What's Your New Year's UnResolution?
What obstacles will you remove from your path toward working with purpose?
Last year, Echoing Green’s Work on Purpose program asked our users a question: “What is your second greatest barrier to working on purpose?” We had a hunch that identifying their second greatest barrier would help people go beyond blaming that old scapegoat of choice (we’ve all got one) and zero in on what’s really holding them back.
We received only two answers to this question. But we received them again and again, from various people, and sometimes combined. Those answers were: Time and Myself.
One person eloquently wrote: "Time is constant... always going by, but never unexpectedly and always at the same rate. I am the variable in the equation. I need to stop blaming it and start analyzing what I do with it and why it goes perceivably so fast. If I could do this, then I could learn to use time as my tool and not my enemy."
The prevalence of these two answers were still weighing on me when thinking about how to take action in the new year—simple things you can do in your current job that can have a positive impact on the world. It occurred to me that though there are plenty of things you can do to make the world a better place, sometimes you need to focus on what not to do in order to pull them off. At those times, only a don't do will do.
As we begin the new year, we challenge you to create a not-to-do list that will help you push past your biggest barriers to living and working on purpose. And here’s the best part: You get to decide what that means.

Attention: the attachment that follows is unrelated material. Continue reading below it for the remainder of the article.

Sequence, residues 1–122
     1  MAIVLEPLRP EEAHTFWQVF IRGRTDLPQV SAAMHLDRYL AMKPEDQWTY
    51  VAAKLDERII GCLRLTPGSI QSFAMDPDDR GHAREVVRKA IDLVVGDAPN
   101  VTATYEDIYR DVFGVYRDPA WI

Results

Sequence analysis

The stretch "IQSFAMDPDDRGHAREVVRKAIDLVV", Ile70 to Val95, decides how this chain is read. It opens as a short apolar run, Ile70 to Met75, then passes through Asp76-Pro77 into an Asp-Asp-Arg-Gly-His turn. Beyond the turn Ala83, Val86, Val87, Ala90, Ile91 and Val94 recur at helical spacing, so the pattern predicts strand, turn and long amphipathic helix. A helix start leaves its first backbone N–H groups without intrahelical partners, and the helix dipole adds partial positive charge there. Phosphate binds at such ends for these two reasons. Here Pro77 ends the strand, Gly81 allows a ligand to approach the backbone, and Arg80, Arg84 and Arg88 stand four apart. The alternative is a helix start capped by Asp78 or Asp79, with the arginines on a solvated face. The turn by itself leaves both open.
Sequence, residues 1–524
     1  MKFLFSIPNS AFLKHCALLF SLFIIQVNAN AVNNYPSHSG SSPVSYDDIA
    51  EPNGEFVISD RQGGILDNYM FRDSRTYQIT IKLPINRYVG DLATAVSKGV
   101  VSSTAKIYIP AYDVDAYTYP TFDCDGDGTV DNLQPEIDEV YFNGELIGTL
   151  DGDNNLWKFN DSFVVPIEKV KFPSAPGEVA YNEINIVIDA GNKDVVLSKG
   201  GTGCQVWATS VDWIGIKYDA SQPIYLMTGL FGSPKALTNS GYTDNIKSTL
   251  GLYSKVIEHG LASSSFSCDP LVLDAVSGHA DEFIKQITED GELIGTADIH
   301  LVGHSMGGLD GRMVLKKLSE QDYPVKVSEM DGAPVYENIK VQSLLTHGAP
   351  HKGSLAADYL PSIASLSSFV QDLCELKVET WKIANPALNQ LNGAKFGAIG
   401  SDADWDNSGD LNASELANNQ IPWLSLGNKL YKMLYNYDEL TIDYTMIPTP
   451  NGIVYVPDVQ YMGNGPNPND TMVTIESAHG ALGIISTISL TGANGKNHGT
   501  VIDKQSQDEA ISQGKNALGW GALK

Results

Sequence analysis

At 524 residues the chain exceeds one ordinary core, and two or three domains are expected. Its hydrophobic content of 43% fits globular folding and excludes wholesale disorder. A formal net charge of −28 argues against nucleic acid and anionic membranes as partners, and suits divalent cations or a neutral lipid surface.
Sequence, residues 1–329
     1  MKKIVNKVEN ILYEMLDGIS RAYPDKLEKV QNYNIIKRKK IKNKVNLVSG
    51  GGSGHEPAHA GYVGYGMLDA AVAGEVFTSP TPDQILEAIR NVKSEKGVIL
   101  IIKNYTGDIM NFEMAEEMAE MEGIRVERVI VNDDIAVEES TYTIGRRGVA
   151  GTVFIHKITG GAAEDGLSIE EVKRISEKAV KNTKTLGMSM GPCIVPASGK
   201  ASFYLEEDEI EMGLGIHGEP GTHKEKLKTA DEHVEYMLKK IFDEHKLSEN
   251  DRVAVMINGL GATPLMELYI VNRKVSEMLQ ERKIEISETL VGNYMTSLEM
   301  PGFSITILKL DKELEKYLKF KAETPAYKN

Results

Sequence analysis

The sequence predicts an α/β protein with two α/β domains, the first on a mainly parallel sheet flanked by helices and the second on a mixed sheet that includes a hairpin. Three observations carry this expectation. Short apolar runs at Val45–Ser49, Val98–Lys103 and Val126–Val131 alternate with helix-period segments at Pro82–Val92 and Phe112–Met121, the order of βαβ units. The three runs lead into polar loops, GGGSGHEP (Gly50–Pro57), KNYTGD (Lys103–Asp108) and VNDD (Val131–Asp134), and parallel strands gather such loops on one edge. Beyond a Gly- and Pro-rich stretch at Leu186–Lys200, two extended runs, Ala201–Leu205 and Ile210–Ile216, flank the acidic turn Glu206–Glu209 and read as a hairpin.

One Echoing Green staff member used the don’t do challenge as a way to tackle her time issue. She created a list of all of the things she would choose not to do in order to give her time to cultivate her purpose. For the rest of us, that may mean disengaging from an unhealthy or draining relationship. It may look like turning down a freelance job that won’t take you where you ultimately want to go. It may even mean shocking a boss by turning down a promotion that feels wrong inside. The trick, she said, will be actively using the open time and space to forward her purpose. “Saying ‘yes’ to what you want,” she explained, “means saying ‘no’ to other things, and we need to be smart about both sides of that coin to get where we want to go.”
Another staff member used it as a way to get out of her own way, overcoming the self-as-barrier issue so many of us face. She suggested identifying patterns and messages that we need to let go of, and doing the hard work to unpack those patterns and cut out that which doesn’t serve us. She wondered: "What if those of us with a history of not believing in ourselves stopped telling ourselves that we aren’t good enough to pull off our passion project? Or if those of us who have a habit of going straight home after work tried going to an uncomfortable but potentially exciting gathering?"
Another kind of don’t do is simply carving out the time to... well, not do. Not work. Not talk. Not watch TV. And instead simply be for a little while, gathering up the reserves it takes to live life fully. For many of the Echoing Green staff living in the madness that can be New York City, this feels especially necessary.